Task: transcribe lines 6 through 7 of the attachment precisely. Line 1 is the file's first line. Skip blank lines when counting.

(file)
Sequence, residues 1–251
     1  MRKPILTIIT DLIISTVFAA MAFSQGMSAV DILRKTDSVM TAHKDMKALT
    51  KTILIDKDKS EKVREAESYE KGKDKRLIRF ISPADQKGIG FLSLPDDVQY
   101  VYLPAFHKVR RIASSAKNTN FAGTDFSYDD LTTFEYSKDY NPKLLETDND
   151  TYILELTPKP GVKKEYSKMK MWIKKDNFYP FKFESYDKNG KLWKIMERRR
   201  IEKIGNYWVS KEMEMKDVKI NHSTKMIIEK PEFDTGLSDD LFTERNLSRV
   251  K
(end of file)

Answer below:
   201  IEKIGNYWVS KEMEMKDVKI NHSTKMIIEK PEFDTGLSDD LFTERNLSRV
   251  K